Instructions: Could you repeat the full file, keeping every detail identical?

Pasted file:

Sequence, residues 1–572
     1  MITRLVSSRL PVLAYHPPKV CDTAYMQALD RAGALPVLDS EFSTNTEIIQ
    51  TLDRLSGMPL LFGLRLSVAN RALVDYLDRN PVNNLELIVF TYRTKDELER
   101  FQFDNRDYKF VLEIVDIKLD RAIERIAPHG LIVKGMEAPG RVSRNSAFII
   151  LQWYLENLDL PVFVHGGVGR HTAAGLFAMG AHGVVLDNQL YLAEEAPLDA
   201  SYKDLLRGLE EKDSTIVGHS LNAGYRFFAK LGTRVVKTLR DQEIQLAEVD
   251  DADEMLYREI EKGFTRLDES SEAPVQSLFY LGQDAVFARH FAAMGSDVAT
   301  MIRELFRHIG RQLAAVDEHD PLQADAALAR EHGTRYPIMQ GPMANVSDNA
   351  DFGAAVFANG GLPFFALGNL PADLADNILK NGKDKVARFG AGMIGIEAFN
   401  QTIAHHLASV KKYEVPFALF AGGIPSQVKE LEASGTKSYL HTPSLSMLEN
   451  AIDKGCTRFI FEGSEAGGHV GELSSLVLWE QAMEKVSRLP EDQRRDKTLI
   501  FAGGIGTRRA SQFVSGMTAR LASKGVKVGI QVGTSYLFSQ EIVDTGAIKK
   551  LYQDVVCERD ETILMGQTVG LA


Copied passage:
Sequence, residues 1–572
     1  MITRLVSSRL PVLAYHPPKV CDTAYMQALD RAGALPVLDS EFSTNTEIIQ
    51  TLDRLSGMPL LFGLRLSVAN RALVDYLDRN PVNNLELIVF TYRTKDELER
   101  FQFDNRDYKF VLEIVDIKLD RAIERIAPHG LIVKGMEAPG RVSRNSAFII
   151  LQWYLENLDL PVFVHGGVGR HTAAGLFAMG AHGVVLDNQL YLAEEAPLDA
   201  SYKDLLRGLE EKDSTIVGHS LNAGYRFFAK LGTRVVKTLR DQEIQLAEVD
   251  DADEMLYREI EKGFTRLDES SEAPVQSLFY LGQDAVFARH FAAMGSDVAT
   301  MIRELFRHIG RQLAAVDEHD PLQADAALAR EHGTRYPIMQ GPMANVSDNA
   351  DFGAAVFANG GLPFFALGNL PADLADNILK NGKDKVARFG AGMIGIEAFN
   401  QTIAHHLASV KKYEVPFALF AGGIPSQVKE LEASGTKSYL HTPSLSMLEN
   451  AIDKGCTRFI FEGSEAGGHV GELSSLVLWE QAMEKVSRLP EDQRRDKTLI
   501  FAGGIGTRRA SQFVSGMTAR LASKGVKVGI QVGTSYLFSQ EIVDTGAIKK
   551  LYQDVVCERD ETILMGQTVG LA